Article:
Many of my clients have never had to meet with an employment attorney, so my goal is to make each client feel as comfortable as possible when meeting with me. You should not be scared about having to meet with an employment attorney. I can assure you, you have likely made the right decision.

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deontae-wherryAfter watching the 8 minutes and 46 seconds video that outraged the world, many individuals have joined in the fight for racial justice. These individuals have chosen not to be silent; they have decided to speak up and to speak out against racial inequality. The fight against systematic and institutional racism and discrimination is not solely related to police brutality, but it is embedded in every facet of our society, including in the workplace. Although the Civil Rights Act was passed more than 50 years ago, there is still great progress to be made to end workplace race discrimination.

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deontae-wherryOver the last month, I have noticed an increase in the number of salaried employees who have become concerned about their paycheck. Some salaried employees have found themselves mandated to reduce their work to less than forty hours per week, and as a result to account for the reduction, their employers have threatened to reduce their pay. Conversely, other salaried employees have found themselves working significantly more than their traditional forty-hour work week as a result of the high COVID demands in their particular industry. However, some companies are not compensating employees for the extra hours worked – can they do that? Well, the answer is, it depends.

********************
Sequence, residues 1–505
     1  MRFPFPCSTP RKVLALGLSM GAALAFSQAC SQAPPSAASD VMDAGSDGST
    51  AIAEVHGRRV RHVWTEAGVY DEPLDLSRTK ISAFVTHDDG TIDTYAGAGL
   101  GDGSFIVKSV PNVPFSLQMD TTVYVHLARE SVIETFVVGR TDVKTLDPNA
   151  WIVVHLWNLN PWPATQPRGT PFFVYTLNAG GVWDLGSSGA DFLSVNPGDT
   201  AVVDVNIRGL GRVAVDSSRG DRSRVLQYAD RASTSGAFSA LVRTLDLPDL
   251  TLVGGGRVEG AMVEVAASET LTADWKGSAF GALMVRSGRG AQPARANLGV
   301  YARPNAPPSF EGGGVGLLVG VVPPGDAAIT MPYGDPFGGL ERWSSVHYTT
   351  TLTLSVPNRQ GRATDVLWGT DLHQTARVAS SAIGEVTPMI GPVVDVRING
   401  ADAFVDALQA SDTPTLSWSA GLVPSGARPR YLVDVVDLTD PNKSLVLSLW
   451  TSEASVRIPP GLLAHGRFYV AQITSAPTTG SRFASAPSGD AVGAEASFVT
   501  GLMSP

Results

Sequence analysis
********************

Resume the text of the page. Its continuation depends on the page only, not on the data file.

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deontae-wherryThe restaurant industry is known for stealing hard-earned tips from its employees. This practice has been going on for years, yet it continues to be a paramount issue in the industry. As a restaurant employee, you may have asked yourself the following question because you have seen it done time and time again: Can my manager take my tip? Am I obligated to pay for a walked tab? Do I have to share my tip with cooks? The answer to all of these questions is likely no.

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rasha-zeyadehThe outbreak of COVID-19 has caused unprecedented changes to the lives of individuals across Texas and across the globe. The Coronavirus Aid, Relief, and Economic Security Act (“CARES Act”), expands unemployment benefit assistance to workers who are eligible under state and federal law before COVID-19 as well as extending benefits to workers who were not eligible for unemployment benefits assistance prior to COVID-19, including self-employed individuals, independent contractors, and gig workers.

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austin-campbellTo some people, workplace retaliation just means their boss is taking revenge against them for something that they did—after all, that is often what people mean by “retaliation” in everyday life. Regardless of how moral that kind of retaliation is, not all workplace retaliation is the same in the eyes of the law. That is, something your employer does might well be retaliation as people generally understand it, without being illegal in the State of Texas.